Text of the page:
Ankle and Foot Orthoses (AFOs)
Q> What are AFOs?
Ankle and Foot Orthoses (AFOs), or splints, are external devices which are used to:
- Improve or prevent a physical deformity
- Stabilise a joint or joints
- Reduce pain
- Improve mobility or performance
- Reduce the risk of injury
They have been used for many years to help manage the gait (walking pattern) of children with hemiplegia. They are used to reduce unwanted and uncontrolled movements associated with muscle imbalances, weakness or increased tone (tightness) in the lower leg and the foot and ankle orthoses AFOs.
Abnormal movement in children with hemiplegia often means a tip-toe walking pattern (equinus or plantarflexed gait) with the added complication of the ankle becoming twisted outwards (varus ankle) or collapsing inwards (valgus ankle). Posture problems in children with hemiplegia .
Q> Do all children with hemiplegia need an AFO?
Not all children need an foot and ankle AFO. But those who do not have the problems of a toe walking gait may still have general weakness or some instability of the ankle joint complex. This can lead to problems of balance, such as walking with legs wide apart and general loss of confidence.
Solid Ankle AFO
AFOs can be made with a solid ankle complex which holds the foot and ankle at 90° to the lower leg (neutral plantargrade position). This prevents the foot and ankle from being pushed down (plantarflexion) and prevents the development of a toewalking gait as well as sideways movements of the ankle (Valgus &Varus movements), but it can hold back the child’s development by not allowing dorsiflexion to occur.
Articulated or Hinged AFO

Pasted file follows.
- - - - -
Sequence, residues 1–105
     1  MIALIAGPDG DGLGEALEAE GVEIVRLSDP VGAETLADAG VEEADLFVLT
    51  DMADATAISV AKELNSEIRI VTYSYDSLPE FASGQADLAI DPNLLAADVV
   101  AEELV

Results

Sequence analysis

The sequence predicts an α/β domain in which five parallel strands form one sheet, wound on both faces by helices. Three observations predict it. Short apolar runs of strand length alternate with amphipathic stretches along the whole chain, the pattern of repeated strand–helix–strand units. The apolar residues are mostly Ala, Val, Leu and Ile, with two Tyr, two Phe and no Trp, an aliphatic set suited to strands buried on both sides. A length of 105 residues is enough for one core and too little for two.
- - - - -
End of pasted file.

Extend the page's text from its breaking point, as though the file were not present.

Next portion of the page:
The hinged AFO is in many ways very similar to the fixed ankle type. During the manufacture of the hinged AFO a simple mechanical joint is fitted at the level of the ankle joint and incorporated into the moulding. A backstop is also fitted behind the ankle to prevent plantarflexion (toe walking).
A hinged AFO allows dorsiflexion to occur while preventing all plantarflexion past 90 degrees (plantigrade 90o) – the child can bend his or her foot upwards but not downwards.
A hinged AFO provides the same medial (inside) and lateral (outside) stability for the ankle as a solid ankle AFO and so prevents valgus or varus positioning.
A hinged AFO can provide a more natural, fluent gait, allowing the foot and ankle orthoses to dorsiflex during daily activities such as standing from sitting, sitting from standing, crouching, going up and down stairs, walking up hill and walking backwards.
However, hinged AFOs are wider at the ankles and this can create more problems when it comes to fitting them into regular footwear.
Footwear and adaptations
The measures which can help reduce ankle and foot orthoses instability range from simple supportive footwear, to footwear with adaptations, to complex multi-material biomechanical and functional foot orthoses.A prescription foot orthosis is an in-shoe brace.
Footwear alone has little effect on severe foot instability, but can be useful for improving stability in an unstable ankle when the child starts to walk. The special footwear has a wide, flat, goodgripping sole with increased stiffening around the ankle and this can help give the child a greater sense of balance. But be aware that the foot itself may still roll around inside the boot unseen and therefore careful fitting of this type of footwear is essential.
Ankle Foot Orthoses are beneficial for treatment of many medical conditions and injuries. A prescription foot orthoses is an in-shoe brace.
Adaptations to footwear, such as wedges to the inside (medial) or outside (lateral) of the boot, can help increase control over unstable ankles.